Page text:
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Resumes and Cover Letters

Trainer script

Length: 2 hours

Introductions and housekeeping (where bathrooms, etc.)

Summarize what will be covered in the workshop


Topics to think about as you develop your resume:

How to write a traditional resume.
How to reformat that resume as an ‘eresume’ so that you can send it as email.
How to maximize distribution of your resume
• Traditional mailing
• post it online at one of the mega-job sites
• send it electronically to a company web site
• to post it on the web or not to post it on the web

MIJOB.INFO has links to books and online discussions about writing the perfect
resume. Book cited on MiJob.Info is a NetLibrary electronic book:
Complete Idiot’s Guide to the Perfect Resume, by Susan Ireland. One of the
EBOOKS in the statewide collection!!
(Browse this book. DETAILS: can check out 6 hours.)
Ms. Ireland also has a great web site with detailed instructions about how to
create an eresume and other resume tips that we will look at shortly.


Numerous Internet sites offer very good RESUME WRITING TIPS. Let’s take a look
at the variety of articles and examples of resumes.

GO TO “resume writing’ heading

Resume Writing from HotJobs

Notice that they are promoting a professional resume writer in the primo
place on their web page. We’ll talk about professional
writers soon, but for now scroll down to the articles and open one or two
Exercise: Have everyone read one article. Then go around the room
and have everyone give one RESUME WRITING tip that they have
just read.
Wall Street Journal Career
RESUMES AND COVER LETTERS: Articles like “Should you pay for
resume writer?”
Most of the mega-job sites advertise professional resume writers.
You can pay someone from $80 to mega-bucks to write your
resume. Is this a good idea? Employers say they can always tell if
you have not written your own resume. They recognize the
“generically perfect employee” described in generically glowing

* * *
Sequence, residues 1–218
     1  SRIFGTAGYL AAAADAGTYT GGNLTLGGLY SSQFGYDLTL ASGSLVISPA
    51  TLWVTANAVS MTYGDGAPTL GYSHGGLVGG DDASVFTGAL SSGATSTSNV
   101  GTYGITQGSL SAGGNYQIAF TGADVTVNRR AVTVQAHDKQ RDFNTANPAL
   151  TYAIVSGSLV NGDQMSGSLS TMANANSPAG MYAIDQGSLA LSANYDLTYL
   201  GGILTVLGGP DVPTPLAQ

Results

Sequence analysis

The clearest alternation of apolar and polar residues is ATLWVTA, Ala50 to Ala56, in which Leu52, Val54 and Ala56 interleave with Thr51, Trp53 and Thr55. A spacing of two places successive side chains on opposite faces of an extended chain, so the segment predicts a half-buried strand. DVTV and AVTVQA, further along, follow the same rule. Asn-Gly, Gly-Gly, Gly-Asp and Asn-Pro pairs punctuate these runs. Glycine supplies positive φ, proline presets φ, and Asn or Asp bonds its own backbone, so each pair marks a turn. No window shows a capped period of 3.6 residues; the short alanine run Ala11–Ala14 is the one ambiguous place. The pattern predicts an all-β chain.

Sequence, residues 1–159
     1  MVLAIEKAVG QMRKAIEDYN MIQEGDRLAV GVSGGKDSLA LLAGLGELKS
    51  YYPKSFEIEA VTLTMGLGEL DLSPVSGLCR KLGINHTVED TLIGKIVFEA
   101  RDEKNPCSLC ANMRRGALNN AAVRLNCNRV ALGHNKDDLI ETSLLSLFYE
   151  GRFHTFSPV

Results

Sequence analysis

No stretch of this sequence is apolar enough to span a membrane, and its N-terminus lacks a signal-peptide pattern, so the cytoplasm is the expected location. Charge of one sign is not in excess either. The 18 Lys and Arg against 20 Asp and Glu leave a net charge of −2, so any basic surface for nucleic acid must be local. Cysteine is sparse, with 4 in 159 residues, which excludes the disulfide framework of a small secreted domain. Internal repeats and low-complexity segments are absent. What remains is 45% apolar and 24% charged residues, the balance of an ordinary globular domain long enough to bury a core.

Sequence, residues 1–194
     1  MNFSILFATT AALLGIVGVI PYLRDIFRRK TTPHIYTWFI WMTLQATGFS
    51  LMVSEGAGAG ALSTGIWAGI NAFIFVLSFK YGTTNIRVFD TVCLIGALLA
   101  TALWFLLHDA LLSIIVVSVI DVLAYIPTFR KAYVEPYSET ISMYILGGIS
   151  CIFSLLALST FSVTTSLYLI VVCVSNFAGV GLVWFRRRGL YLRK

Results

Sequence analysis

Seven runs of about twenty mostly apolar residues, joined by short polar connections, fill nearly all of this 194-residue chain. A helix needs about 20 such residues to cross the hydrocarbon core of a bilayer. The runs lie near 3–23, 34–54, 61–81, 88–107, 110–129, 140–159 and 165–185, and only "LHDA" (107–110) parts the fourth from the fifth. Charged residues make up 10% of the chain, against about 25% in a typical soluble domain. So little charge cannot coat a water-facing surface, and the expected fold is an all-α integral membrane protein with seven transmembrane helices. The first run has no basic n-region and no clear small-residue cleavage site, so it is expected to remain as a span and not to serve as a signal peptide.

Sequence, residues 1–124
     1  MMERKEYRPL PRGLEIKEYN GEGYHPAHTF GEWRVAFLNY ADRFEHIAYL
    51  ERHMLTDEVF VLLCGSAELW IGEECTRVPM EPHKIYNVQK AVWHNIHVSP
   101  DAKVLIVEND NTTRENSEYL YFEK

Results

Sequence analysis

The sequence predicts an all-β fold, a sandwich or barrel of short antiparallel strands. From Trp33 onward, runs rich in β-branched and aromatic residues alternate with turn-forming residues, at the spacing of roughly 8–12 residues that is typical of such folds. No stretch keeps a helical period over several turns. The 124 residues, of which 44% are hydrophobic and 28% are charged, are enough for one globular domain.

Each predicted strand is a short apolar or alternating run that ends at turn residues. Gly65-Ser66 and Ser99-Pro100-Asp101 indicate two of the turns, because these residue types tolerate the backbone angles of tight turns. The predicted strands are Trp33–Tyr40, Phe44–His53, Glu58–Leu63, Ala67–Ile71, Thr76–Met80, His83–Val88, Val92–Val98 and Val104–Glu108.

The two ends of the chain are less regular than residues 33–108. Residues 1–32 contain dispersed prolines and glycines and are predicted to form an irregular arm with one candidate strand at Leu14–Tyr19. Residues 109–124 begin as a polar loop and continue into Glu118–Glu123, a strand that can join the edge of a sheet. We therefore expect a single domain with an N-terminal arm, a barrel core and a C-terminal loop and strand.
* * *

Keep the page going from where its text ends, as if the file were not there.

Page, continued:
adjectives by the professional resume writer.

At The Resume Guide is very

detailed approach to resume writing.
From the Massachusetts Division of Employment & Training They
interviewed 50 employers: Lots of useful tips – click NEXT at bottom of
page and skim the employer’s comments for a few minutes.
"Remember, if you write your own resume, it will sound like you. It will say what
you want to say. You will be more familiar with its contents."

Resume-Writers' Associations

If you decide to hire a ghostwriter for your resume, you will want to find a
competent writer.

Go to the MeL Business Economics / Careers Employment / GUIDES &

TIPS /” and select “Certified Resume Writers” TRY SEARCHING for a writer. Find bio on a
What does it mean when a writer says he/she is 'certified' as a professional resume writer.
ANSWER: from the web site:Certified Professional Resume Writer (CPRW)
Professional Association of Resume Writers & Career Coaches
A resume writer possessing the CPRW credential must pass a timed examination consisting of
four modules, which test the writer's industry knowledge and understanding of the resume writing
field, his/her command for grammar, punctuation, spelling and proofreading, and his/her skills in
strategic thinking on resume related issues. In addition, the writer is required to develop a resume
and cover letter based upon background information provided by the PARW/CC on a hypothetical
client.Certification examinations are reviewed and graded by three CPRWs who are members of
the Certification Committee Board. Organizational membership of writer is required to maintain
the CPRW credential. The CPRW credential was established in 1991 and is recognized as the
standard of the industry.

PROFESSIONAL RESUME WRITERS handout lists this association and two other
leading associations that are reputable.

See OTHER ARTICLES AT MEL: “10 minute resume”

10 min resume exercise is an interesting exercise.

DON’T OVERLOOK FREE sources of help for reviewing your resume.
• your professional colleagues or friends in the industry
• your college / university alumni office may offer a career builder
• job search support groups – people you meet in online discussion
o professional associations web sites have links to discussion
o or
• if you have been laid off and your company offers free training or
placement services, TAKE THE OFFER!


Step # 1 in writing your resume is selecting a presentation format.
• Chronological - The chronological format is the most traditional
resume format. It highlights your job titles, places of employment,
and dates of tenure by presenting them as headings under which
your achievements are listed
• Functional - The functional format presents your experience under
skill headings, giving you the freedom to prioritize your
accomplishments by impact rather than by chronology. In this
format, your work history is listed very concisely in a section
separate from your achievements
The DAMNGOODRESUME series by Yana Parker will help you make this
decision and also give you lots more writing tips.